Estuaries are partially enclosed bodies of water along the coast where fresh water from rivers and streams mixes with salt water from the ocean. Many estuaries lie along the Gulf of Mexico coast. Estuaries provide habitat for many species of birds, fish and mammals, as well as space for recreational activities, scientific study and aesthetic enjoyment. However, a recent national assessment showed that over 60 percent of estuaries in the United States have hypoxic areas of oxygen-poor water. Decomposing algae that accumulates in waters due to excess nutrients can rob water of oxygen that marine animals need to survive.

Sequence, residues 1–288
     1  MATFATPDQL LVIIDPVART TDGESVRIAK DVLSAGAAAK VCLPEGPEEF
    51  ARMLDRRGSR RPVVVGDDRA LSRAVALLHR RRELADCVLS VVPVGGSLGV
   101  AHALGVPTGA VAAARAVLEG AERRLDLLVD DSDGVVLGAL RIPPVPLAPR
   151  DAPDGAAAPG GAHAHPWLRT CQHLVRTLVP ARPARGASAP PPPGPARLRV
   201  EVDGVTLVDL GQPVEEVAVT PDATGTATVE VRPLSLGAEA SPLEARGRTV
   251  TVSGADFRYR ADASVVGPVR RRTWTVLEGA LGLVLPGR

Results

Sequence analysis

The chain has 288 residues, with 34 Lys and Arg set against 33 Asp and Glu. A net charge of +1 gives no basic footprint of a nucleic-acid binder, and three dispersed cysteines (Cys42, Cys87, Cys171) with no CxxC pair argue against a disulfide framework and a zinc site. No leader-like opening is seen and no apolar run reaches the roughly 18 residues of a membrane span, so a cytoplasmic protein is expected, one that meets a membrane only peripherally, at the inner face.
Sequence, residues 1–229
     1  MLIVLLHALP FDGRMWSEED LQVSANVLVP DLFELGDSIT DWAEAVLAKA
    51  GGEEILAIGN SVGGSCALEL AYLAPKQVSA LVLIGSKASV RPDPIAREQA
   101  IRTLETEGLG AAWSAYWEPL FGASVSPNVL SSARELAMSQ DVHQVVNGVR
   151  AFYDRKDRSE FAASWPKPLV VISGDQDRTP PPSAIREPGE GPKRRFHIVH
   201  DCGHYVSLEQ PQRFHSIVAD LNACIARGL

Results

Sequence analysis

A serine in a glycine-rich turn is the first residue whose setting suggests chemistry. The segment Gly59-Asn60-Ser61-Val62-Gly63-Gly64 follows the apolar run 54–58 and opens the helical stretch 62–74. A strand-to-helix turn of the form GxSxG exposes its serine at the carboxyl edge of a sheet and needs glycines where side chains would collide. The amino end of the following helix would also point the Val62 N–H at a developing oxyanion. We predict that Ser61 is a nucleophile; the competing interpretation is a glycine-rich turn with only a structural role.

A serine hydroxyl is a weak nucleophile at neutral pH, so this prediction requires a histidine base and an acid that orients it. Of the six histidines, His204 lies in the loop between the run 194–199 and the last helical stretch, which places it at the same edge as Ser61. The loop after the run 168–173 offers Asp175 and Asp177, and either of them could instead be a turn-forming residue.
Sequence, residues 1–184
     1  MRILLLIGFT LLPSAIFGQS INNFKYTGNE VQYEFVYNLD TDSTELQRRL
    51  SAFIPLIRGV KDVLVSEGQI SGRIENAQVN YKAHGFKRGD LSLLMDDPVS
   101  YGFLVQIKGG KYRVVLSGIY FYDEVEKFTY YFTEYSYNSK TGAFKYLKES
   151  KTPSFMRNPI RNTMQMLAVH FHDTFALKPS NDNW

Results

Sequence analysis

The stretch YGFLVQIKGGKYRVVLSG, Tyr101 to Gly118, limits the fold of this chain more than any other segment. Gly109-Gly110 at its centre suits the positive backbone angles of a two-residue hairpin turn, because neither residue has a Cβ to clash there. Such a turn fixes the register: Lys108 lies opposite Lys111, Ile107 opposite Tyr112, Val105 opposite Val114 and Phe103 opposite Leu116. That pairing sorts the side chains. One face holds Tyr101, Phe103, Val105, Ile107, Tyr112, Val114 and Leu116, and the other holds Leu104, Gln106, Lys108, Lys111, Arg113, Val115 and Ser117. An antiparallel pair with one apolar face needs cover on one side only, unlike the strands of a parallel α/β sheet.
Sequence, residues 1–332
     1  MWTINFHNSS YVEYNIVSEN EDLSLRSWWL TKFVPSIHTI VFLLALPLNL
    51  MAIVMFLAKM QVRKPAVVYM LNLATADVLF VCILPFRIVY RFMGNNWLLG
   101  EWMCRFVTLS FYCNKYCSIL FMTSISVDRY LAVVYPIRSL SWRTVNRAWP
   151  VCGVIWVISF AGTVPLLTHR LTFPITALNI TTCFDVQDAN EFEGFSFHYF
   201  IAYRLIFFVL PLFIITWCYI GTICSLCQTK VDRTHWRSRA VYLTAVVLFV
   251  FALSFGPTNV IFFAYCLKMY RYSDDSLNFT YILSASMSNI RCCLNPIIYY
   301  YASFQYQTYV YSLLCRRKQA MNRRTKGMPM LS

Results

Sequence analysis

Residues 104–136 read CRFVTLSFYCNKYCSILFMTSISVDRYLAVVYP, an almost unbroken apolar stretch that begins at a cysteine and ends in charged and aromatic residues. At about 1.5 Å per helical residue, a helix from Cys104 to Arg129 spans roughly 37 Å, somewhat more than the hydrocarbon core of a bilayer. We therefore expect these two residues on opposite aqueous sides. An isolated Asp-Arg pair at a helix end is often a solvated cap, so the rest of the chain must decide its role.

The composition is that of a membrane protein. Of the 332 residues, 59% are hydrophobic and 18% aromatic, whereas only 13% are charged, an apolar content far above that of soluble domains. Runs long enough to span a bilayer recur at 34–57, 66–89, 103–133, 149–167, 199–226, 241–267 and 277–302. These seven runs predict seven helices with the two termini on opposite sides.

Viewer Tip: Plants and marshy areas around estuaries are good natural pollutant filters. But, when there are too many nutrients coming from upstream sources, even estuaries can't filter them all out. Help reduce the amounts of nutrients reaching estuaries with these tips:
- Have your septic system inspected every three years and promptly fix any problems. Pump out your tank as necessary - generally every three to five years.
- Fertilize at the right time, with the right amount, during dry weather.
- Keep leaves and yard waste away from storm drains.
(Sources: EPA, “Gulf Estuary Programs"; EPA, “Basic Information about Estuaries"; NOAA, “Hypoxia and Harmful Algal Blooms in the US"; Image courtesy of NOAA)